It is estimated that between 50,000 and 100,000 US convicted prisoners are not guilty. In part this is a result of police practices that encourage false confessions. False confessions are often a result of police lies during questioning combined with the anxiety caused by being questioned in a police station, repetition of questions, and detention for an extended period of time in hostile conditions. This type of questioning and physical torture are similarly unreliable at extracting the truth.
US law and the FBI Guidelines to police departments must be changed to prohibit lying during questioning, require evidence of guilt before transportation for questioning, and require significant supporting evidence before a confession is submitted to a court. The guidelines must specify the level and type of evidence required before transporting a person for questioning. Acquaintance with a person of interest, frequenting the location location of a crime, ethnicity, race, sexual orientation, previous bad acts, psychological profiling without evidence, refusal to answer questions, or refusal to be searched may not be used as reasons to suspect a person of a crime.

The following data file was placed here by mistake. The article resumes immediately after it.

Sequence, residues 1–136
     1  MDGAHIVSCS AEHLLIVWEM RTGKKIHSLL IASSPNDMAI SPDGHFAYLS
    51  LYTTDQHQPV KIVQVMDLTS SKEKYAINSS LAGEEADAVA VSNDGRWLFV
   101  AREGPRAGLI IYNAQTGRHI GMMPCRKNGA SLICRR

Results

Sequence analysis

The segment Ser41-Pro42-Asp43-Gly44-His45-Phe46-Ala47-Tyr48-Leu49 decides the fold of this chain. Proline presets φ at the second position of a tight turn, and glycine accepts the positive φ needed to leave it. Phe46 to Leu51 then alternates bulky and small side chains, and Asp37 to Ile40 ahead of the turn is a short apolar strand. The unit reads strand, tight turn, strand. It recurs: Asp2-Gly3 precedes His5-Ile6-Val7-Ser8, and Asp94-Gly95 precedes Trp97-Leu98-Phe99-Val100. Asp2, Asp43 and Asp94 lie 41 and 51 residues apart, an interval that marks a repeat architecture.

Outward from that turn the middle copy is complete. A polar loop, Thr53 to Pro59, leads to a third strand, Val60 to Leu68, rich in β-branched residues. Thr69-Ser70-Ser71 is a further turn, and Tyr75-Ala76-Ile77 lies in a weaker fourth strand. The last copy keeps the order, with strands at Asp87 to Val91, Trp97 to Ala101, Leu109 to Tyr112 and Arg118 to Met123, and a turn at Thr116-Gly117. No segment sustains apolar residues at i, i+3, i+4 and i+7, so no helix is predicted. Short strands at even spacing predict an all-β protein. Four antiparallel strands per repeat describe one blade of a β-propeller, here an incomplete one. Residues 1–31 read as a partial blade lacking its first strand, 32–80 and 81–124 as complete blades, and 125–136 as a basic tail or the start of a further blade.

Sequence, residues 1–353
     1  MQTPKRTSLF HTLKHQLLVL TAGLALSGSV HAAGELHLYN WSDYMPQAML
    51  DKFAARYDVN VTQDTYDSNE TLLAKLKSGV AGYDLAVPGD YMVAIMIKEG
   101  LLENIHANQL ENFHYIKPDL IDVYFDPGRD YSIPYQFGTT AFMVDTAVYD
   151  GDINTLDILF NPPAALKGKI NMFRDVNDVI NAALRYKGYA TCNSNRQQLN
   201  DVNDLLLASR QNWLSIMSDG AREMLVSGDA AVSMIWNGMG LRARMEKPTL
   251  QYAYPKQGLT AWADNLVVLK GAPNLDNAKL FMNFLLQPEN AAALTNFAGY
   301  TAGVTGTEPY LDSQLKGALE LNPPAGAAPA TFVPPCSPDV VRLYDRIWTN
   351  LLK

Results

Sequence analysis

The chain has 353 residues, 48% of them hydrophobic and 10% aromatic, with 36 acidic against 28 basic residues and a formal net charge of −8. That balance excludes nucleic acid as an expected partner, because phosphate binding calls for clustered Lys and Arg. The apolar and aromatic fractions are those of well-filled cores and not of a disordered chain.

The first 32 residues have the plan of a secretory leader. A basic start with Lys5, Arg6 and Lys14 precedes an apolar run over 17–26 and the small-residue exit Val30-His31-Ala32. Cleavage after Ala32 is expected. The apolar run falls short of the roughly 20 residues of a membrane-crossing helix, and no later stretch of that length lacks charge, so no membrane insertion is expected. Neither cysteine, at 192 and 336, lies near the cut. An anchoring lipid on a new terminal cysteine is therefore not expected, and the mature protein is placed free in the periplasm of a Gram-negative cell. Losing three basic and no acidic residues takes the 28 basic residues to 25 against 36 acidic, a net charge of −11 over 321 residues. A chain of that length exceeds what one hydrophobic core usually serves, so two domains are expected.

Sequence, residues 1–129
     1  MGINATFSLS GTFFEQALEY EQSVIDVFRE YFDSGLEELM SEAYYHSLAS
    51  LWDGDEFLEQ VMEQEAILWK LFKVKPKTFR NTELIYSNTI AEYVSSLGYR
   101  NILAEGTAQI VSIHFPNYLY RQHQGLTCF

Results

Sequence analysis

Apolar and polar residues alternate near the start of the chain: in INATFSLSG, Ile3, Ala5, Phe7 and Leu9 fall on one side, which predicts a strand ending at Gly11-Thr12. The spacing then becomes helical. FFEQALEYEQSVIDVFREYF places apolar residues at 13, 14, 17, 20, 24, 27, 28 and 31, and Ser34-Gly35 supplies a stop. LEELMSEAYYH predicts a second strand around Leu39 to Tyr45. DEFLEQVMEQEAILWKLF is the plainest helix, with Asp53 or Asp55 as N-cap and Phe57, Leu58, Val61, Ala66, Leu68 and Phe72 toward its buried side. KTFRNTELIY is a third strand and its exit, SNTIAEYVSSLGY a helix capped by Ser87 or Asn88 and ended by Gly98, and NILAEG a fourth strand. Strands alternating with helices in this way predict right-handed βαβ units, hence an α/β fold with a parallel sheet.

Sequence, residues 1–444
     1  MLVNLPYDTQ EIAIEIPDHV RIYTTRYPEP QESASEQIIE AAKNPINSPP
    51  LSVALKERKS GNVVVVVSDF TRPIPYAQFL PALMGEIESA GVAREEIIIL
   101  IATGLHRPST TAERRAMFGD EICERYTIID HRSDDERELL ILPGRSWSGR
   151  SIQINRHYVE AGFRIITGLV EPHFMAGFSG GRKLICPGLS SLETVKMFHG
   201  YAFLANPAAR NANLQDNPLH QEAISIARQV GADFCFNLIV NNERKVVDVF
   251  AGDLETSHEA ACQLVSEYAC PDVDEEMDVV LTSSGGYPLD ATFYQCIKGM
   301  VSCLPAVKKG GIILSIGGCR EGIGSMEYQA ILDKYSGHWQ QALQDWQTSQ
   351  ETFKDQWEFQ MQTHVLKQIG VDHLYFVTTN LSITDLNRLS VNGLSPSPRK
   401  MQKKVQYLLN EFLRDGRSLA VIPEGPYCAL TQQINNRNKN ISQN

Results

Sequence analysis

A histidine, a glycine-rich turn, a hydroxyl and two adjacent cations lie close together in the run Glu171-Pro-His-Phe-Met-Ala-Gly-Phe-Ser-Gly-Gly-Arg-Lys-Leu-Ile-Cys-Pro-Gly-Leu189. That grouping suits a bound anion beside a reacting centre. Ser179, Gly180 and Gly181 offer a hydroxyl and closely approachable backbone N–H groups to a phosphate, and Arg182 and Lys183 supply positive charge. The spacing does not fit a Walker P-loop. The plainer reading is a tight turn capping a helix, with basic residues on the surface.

Evidence or confessions extracted using lies, transportation for questioning without evidence or in depth questioning without evidence must result in that evidence being considered the same as evidence gathered by an illegal search. In addition, the officers or detectives involved in the extraction of this information must be removed from the case. Knowingly extracting a false confession or false information is equivalent to planting evidence and must be punished as such.